Unless you’re really not.
Two weeks ago, I received phone calls from two Albuquerque women who had received such calls claiming to be from the nationally known distributor of those supersized checks.
One said she had been pestered by repeated calls of late from someone claiming that her husband had won $2.1 million in a sweepstakes affiliated with Publishers Clearing House.
All she had to do, she was told, was to put some money on a Green Dot prepaid debit card and call back with the card number.
The other woman was informed she had just won a new car and some money. All she had to do was to put $300 on a Green Dot money card – for taxes, he said – and send it to someone in Santa Fe.
“You don’t sound elated?” the caller told her at one point, sensing that she wasn’t about to fall for his scheme. She recalls he also stressed the importance of keeping their entire conversation “a secret.”
To their credit, neither woman fell for this ruse, but not everyone is as fortunate.
Early last month, for example, the Daily Record of Parsippany, N.J., reported the story of a 77-year-old Neptune woman who had received a letter in the mail claiming she had won $1.5 million from Publishers Clearing House.
The fake letter contained a sample cashier’s check for that amount, which included the company’s well-known logo in the upper-left-hand corner. She was instructed to contact her claims agent within 92 hours to get her prize.
By the time she realized the letter was a hoax, she had written a $13,500 personal check to cover phony “certificates of insurance” and “tax declarations,” and signed off on a $4,500 bank check to hold her prize until the original check cleared.
Of course, there is nothing particularly new or creative about scam artists leveraging the reputation of legitimate businesses to trick consumers into parting with personal financial information or their hard-earned cash.
Connie Quillen, executive assistant of the Albuquerque-based Better Business Bureau Serving New Mexico and Southwest Colorado, says her office gets calls daily on an assortment of scams linked to the Publishers Clearing House name.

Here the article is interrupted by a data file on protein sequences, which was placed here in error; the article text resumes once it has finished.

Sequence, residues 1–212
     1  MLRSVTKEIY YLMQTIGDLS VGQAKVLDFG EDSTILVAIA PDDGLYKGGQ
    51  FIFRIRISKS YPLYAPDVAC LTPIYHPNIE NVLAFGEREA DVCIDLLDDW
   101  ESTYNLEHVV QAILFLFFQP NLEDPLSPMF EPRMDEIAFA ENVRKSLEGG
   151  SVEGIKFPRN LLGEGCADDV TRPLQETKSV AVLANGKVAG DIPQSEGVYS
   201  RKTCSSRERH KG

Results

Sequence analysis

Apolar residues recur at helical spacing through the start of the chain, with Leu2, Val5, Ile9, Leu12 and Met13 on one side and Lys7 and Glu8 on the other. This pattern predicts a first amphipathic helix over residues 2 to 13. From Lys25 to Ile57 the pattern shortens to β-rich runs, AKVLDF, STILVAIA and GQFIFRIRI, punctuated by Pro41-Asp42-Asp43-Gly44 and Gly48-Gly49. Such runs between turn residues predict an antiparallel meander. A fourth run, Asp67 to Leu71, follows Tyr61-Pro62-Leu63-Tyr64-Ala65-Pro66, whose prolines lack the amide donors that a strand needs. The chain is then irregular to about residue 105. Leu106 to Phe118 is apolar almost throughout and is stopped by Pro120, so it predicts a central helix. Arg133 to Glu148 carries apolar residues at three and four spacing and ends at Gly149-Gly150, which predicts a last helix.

Generally, they are told that they have won a prize – sometimes a Mercedes Benz and $1 million – then asked to either wire money back or put it on a prepaid debit card.
That’s why Publishers Clearing House takes great pains to warn consumers about these phony schemes.
“We’ve been hearing about this one for some time, and it causes us concerns for many reasons,” Chris Irving, the company’s assistant vice president of consumer and legal affairs, told the Journal last week.
“The simple rule is if you’ve won a legitimate prize from any company – and certainly from Publishers Clearing House – you never have to pay money to collect it.”
Irving said that’s also the recording people hear when they call the company’s toll-free consumer service line (800-645-9242). If they suspect they are the target of scam, they are prompted to “press 5” and speak directly to a customer service representative.
Ultimately, that information is shared every two weeks with the Federal Trade Commission, he says. The company also works closely with U.S. Postal Inspection Service, Department of Homeland Security, FBI and other law-enforcement agencies.
“Because enforcement efforts are never going to get everyone … at the end of the day, education will make the biggest impact,” Irving says.
Besides stressing that you should never have to pay any money in return for winning a prize, the company makes clear in its “Fraud Protection” and “Tips & Warning Signs” sections of its website that it always notifies its major winners by mail or in person – never by phone.
“If you receive a phone call from someone claiming to be from Publishers Clearing House and are asked to send money, pay a fee or pre-pay taxes to enter, collect or claim a sweepstakes prize – STOP – you have not heard from the ‘real’ Publishers Clearing House,” the company warns.
Among its other key tips:
- Beware of fake check scams, where you are asked to deposit the money in your bank account and then wire a portion of it back.
- Be suspicious of any phone calls or emails claiming you have won a prize – but then ask you to send them money.
- Never disclose credit-card or personal bank account information.
- And, of course, if the notification sounds too good to be true …
Nick Pappas is assistant business editor at the Albuquerque Journal and writes a blog called “Scammed, Etc.” Contact him at email@example.com or 505-823-3847 if you are aware of what sounds like a scam. To report a scam to law enforcement, contact the New Mexico Consumer Protection Division toll-free at 1-800-678-1508.